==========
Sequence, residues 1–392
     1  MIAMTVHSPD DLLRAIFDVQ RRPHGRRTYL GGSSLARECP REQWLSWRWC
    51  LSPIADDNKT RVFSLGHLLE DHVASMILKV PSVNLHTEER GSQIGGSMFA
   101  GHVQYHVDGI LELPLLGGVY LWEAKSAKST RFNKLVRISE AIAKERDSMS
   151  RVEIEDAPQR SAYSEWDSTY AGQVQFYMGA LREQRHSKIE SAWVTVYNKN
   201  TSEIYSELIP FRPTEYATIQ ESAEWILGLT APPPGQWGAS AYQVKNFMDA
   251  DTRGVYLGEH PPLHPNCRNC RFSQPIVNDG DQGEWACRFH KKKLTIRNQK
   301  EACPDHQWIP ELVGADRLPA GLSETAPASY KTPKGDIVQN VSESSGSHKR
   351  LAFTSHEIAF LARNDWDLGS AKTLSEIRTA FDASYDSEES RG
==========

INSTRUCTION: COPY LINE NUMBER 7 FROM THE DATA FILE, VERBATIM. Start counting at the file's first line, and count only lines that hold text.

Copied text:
   251  DTRGVYLGEH PPLHPNCRNC RFSQPIVNDG DQGEWACRFH KKKLTIRNQK